BLOOMFIELD, NJ — The Brookdale Reformed Church was recently given a historic link to its past in the form of a small handbell.
According to Pastor Susan Doward, she received a phone call mid-October from a man in Dallas named Basil Asaro. He said he was 75 and had something he believed came from the church. It was a small bell which he would package and send. Arriving, it came with a card and a handwritten explanation.
Asaro said he grew up in Nutley. Sixty-five years ago, he was playing baseball on a field there, between Taft and Ackerman streets, when his toe kicked something up. Looking at it, whatever it was, it was encrusted with compacted soil. But it had a piece of metal protruding from it. Curious, he brought it home. When the object was cleaned up, what was discovered was a small brass bell. The metal that found sticking out before was its handle. And just above the lip of the bell, the area where the clapper strikes, in relief was printed: “Brookdale Reformed Church 1802-1910.” At the time, Asaro said he figured the church no longer existed because of the dates. In any event, he kept the bell.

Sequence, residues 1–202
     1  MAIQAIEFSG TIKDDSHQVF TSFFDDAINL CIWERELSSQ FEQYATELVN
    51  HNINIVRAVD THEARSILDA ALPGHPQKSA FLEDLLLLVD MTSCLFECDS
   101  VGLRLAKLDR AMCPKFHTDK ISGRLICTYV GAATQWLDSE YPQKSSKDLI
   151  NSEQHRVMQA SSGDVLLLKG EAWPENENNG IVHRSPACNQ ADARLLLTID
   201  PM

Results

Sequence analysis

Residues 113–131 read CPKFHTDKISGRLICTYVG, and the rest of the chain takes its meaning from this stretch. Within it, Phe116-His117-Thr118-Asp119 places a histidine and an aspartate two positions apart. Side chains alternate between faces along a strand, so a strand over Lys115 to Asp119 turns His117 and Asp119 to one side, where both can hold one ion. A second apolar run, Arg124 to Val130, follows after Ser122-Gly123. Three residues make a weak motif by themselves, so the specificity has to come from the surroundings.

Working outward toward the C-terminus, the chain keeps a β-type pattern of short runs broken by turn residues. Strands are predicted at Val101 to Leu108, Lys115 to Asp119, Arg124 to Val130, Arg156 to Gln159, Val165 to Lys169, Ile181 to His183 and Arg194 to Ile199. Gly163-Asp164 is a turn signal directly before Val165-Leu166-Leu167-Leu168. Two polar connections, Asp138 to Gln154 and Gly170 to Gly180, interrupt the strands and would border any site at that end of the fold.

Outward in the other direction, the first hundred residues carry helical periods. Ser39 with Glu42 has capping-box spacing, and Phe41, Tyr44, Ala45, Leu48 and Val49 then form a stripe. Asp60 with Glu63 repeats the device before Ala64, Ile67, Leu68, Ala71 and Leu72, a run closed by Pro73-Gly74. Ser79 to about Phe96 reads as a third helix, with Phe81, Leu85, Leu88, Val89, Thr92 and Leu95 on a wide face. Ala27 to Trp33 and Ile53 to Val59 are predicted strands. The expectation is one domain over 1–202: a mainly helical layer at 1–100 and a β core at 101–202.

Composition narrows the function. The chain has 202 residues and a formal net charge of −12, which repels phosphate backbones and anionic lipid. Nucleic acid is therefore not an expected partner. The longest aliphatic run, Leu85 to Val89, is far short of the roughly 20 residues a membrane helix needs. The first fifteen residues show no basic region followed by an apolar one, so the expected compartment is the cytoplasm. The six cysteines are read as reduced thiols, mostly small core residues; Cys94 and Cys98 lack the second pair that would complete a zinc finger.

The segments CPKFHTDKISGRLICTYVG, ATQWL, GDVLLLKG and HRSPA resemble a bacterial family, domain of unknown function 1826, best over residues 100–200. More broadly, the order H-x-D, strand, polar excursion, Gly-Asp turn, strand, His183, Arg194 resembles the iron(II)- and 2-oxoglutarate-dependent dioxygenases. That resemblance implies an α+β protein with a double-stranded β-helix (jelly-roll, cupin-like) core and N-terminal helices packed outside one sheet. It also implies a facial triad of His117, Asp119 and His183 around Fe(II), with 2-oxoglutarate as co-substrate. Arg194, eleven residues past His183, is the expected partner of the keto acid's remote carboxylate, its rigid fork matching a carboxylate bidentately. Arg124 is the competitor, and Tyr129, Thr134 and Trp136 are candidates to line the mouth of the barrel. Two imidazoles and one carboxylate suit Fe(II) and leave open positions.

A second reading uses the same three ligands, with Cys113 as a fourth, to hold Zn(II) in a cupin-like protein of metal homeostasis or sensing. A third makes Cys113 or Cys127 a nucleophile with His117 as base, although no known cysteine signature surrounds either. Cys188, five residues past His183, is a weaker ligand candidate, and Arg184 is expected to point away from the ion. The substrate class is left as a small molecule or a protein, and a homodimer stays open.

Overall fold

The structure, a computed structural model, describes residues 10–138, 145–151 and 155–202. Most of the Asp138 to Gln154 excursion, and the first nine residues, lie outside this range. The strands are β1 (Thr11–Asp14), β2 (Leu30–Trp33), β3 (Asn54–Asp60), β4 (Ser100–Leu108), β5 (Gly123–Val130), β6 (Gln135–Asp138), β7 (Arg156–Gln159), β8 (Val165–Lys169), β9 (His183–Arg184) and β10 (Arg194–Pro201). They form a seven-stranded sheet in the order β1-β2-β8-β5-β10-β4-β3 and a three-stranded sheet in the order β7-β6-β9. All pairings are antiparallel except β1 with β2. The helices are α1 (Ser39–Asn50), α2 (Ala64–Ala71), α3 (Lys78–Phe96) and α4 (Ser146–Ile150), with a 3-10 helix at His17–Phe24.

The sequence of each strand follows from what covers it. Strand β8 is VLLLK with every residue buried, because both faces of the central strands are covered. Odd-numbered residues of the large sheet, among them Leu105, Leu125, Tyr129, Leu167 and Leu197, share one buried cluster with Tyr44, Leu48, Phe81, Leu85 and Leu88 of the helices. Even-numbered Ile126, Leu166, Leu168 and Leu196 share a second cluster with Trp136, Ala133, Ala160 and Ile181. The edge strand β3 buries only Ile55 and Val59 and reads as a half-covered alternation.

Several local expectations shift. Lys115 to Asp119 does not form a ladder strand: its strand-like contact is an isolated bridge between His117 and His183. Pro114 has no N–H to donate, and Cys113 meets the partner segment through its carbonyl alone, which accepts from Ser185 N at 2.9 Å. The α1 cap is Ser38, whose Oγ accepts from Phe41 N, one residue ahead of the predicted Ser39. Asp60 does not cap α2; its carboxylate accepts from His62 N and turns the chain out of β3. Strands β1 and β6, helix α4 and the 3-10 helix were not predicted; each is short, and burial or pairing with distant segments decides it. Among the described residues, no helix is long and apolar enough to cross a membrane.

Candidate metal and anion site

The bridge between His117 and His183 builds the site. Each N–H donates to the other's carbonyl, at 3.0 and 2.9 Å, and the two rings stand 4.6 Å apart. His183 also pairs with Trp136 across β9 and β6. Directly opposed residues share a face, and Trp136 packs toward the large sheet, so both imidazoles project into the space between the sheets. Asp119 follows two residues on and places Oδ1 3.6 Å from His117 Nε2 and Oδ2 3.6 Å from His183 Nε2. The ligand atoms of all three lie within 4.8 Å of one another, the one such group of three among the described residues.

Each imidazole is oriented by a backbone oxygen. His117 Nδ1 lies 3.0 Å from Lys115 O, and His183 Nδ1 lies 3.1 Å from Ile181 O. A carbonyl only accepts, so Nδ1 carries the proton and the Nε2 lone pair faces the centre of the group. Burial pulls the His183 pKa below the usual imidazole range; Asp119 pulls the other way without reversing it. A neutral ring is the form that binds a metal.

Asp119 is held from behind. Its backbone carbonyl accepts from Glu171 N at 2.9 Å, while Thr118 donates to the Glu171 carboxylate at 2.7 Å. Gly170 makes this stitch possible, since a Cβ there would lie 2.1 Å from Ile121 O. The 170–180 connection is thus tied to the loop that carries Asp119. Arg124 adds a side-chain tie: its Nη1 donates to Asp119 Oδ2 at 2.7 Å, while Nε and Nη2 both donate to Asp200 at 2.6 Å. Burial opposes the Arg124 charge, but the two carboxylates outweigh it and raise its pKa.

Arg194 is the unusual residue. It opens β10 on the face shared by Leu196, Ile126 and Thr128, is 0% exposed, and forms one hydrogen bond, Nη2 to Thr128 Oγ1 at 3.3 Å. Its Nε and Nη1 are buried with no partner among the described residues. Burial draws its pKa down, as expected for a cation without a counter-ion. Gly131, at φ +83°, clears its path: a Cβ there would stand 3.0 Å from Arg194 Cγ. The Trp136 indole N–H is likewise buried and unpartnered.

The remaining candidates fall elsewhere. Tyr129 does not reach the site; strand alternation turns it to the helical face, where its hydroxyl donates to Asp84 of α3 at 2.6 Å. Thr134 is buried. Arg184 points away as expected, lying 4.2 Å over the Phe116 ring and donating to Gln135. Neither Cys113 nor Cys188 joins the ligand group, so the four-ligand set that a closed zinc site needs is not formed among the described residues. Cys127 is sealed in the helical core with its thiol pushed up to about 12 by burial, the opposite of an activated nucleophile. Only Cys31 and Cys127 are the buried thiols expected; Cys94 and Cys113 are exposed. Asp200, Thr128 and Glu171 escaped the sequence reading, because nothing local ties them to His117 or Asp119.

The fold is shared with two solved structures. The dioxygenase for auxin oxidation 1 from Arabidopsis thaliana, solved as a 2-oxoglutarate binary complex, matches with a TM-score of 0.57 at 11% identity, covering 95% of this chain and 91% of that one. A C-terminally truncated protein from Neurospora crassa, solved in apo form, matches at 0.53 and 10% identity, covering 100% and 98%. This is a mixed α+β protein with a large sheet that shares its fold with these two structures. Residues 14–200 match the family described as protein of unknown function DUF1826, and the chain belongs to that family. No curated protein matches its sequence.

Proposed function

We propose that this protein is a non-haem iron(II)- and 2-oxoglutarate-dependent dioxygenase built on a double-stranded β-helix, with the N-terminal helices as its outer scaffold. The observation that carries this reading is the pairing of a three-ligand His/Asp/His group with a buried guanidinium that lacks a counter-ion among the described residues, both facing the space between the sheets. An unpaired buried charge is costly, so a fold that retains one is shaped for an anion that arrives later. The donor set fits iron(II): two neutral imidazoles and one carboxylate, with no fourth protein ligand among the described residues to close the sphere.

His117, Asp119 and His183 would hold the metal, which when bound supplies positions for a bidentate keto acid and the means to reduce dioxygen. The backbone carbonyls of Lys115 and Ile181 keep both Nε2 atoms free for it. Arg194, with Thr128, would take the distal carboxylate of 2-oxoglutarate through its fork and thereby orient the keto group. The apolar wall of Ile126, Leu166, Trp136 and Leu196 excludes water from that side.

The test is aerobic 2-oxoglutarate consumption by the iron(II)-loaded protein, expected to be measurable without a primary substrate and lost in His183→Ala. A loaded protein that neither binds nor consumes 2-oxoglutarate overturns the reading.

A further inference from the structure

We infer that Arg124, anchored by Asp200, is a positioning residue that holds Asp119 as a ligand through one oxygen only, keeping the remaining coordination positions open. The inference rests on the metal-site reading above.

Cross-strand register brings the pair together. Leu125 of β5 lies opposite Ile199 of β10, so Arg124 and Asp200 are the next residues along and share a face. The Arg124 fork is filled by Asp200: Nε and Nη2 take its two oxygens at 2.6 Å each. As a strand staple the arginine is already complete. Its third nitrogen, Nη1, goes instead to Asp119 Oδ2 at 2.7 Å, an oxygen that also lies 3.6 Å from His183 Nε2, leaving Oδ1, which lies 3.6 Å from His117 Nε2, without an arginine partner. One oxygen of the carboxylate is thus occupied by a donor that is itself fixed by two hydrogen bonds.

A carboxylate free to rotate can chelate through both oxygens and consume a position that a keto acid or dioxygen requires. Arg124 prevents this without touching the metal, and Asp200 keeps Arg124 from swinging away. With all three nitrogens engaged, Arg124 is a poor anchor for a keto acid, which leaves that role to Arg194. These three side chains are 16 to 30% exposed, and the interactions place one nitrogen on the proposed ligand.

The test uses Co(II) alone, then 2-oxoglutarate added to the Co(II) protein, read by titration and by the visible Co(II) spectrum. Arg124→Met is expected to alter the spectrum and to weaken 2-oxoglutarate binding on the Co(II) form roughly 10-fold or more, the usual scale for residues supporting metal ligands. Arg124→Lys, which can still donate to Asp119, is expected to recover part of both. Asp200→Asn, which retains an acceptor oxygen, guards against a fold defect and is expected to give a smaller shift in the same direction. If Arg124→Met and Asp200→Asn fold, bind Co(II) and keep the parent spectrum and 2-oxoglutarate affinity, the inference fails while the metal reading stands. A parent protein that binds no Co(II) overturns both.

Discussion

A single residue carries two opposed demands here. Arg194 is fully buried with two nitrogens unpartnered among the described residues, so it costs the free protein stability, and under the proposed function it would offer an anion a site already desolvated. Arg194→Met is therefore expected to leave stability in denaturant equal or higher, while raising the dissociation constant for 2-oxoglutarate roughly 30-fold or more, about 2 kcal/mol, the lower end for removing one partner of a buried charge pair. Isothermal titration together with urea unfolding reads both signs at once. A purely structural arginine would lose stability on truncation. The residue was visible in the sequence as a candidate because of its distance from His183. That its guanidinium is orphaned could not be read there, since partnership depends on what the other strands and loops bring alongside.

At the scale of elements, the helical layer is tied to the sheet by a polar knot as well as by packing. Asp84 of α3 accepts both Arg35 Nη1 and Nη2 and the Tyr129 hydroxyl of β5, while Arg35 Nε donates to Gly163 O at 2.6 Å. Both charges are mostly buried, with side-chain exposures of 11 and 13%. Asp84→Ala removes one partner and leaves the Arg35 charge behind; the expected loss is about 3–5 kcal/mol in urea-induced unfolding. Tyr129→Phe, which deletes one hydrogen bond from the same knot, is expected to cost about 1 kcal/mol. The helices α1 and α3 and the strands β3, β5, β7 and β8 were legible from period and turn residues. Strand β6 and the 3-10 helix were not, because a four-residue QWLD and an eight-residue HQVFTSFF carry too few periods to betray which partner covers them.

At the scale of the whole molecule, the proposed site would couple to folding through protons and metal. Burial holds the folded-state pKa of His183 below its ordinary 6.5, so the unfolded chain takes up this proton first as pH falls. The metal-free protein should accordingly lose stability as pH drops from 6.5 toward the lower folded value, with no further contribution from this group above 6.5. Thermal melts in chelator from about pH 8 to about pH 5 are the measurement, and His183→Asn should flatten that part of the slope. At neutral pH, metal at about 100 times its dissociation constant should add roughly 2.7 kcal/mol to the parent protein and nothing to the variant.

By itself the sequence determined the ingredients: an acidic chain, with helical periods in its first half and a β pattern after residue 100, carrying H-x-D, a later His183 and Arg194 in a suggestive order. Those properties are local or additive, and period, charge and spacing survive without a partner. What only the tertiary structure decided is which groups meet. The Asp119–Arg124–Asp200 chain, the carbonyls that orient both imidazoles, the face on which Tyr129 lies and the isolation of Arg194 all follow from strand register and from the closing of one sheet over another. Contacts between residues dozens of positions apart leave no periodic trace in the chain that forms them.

Several years after finding it, he said his bedridden grandmother came to reside with his family. She was given the bell to ring if she needed anything.
Asaro said he had recently moved to Texas. While unpacking, he came across the bell. He went to the computer and discovered that the Brookdale Reformed Church still existed. He contacted Dorward.
The dates on the bell, Dorward said, were the dates when the church was built and when it was destroyed by fire. The congregates at that time, who had begun meeting in 1795 in a barn, decided to melt down the tower bell to make small handbells. These they would sell to raise funds for a new church building. This is what they did. In the card to Dorward, Asaro wrote that it was a nice surprise for him to find a good home for his bell.